PHOENIX – After trial, error and more than a decade of innovation, self-driving cars are being tested alongside human-driven vehicles in dozens of U.S. cities. Companies like Uber and Waymo – a subsidy of Google – have made the Phoenix area a hub for testing their autonomous vehicles, drawn by permissive state regulations.
Successes include Waymo’s cars cumulatively driving more than 5 million miles, with over 2 million of those since May 2017. But the first fatal accident involving a pedestrian by an Uber vehicle in Tempe in March has raised safety concerns over whether the race for a driverless future is speeding ahead too quickly.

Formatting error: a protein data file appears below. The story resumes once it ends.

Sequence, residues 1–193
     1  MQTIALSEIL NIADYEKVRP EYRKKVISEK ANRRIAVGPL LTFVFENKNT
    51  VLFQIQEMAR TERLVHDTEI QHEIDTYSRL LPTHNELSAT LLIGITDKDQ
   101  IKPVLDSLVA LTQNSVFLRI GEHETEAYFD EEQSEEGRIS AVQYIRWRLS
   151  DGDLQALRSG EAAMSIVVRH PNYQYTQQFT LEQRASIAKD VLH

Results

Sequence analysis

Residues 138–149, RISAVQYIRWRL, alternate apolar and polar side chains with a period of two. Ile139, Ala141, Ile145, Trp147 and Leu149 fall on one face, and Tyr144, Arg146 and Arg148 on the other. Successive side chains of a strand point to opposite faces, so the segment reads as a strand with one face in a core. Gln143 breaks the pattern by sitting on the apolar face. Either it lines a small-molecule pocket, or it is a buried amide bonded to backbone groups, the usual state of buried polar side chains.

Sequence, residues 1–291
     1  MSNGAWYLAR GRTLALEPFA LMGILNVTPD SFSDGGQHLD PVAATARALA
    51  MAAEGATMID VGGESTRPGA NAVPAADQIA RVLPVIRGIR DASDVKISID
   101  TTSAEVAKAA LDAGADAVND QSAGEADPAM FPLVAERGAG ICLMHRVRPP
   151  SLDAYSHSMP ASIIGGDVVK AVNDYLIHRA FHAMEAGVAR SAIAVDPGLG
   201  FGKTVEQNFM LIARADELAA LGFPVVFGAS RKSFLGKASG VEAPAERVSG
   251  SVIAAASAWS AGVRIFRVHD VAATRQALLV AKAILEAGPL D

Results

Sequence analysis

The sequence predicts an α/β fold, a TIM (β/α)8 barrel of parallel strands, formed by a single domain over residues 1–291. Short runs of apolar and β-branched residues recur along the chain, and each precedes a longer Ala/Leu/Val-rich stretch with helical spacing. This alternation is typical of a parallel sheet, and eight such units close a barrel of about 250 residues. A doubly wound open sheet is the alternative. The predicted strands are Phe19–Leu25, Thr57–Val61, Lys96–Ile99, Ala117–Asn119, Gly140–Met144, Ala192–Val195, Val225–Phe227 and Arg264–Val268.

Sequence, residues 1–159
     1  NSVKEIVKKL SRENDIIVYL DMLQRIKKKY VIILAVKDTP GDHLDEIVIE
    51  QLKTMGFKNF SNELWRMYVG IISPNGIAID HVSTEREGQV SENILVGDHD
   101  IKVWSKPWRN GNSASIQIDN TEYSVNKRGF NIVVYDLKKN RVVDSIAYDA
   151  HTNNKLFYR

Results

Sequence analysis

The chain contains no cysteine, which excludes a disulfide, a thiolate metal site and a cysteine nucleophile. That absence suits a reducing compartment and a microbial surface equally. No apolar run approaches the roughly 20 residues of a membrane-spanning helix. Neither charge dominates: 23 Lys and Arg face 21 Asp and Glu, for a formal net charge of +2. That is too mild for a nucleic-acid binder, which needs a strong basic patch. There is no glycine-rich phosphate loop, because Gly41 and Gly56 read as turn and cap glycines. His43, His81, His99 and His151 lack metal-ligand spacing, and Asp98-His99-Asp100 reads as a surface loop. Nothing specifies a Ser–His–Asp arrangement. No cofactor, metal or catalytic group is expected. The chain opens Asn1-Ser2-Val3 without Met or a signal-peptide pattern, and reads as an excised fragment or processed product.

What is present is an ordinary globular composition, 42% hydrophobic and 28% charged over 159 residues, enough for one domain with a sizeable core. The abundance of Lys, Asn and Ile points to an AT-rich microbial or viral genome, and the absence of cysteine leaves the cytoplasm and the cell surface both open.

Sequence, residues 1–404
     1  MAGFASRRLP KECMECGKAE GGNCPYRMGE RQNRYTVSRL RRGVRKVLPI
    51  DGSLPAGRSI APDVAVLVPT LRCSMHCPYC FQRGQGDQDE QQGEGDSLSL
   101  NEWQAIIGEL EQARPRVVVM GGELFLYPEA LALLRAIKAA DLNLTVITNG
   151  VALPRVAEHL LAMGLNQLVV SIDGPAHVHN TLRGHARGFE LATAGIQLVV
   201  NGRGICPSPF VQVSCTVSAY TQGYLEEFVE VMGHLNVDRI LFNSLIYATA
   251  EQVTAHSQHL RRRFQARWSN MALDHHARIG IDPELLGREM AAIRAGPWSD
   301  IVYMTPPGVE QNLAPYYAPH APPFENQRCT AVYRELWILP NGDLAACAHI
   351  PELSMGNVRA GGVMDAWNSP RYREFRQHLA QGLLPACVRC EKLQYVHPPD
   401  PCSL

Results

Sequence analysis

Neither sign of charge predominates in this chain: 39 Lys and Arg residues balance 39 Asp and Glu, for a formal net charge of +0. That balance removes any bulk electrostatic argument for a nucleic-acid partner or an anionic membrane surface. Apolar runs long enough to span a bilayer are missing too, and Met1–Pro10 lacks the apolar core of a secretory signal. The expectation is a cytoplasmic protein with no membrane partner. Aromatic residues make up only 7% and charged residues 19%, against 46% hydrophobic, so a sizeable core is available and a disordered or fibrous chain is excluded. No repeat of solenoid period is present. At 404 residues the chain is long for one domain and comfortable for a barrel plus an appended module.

The accident led Gov. Doug Ducey, who had supported self-driving cars in Arizona with an executive order, to suspend Uber from driving its autonomous vehicles on Arizona roads.
“We will take strong action against any company or operator that does not demonstrate they are ready for primetime,” Ducey said in a tweet. “If you’re going to operate in Arizona; you will have to meet these standards.”
As Uber pulls back to work on its program, Waymo continues to move ahead. Chief executive John Krafcik said its fleet could be ready to drive Phoenix residents as soon as next year.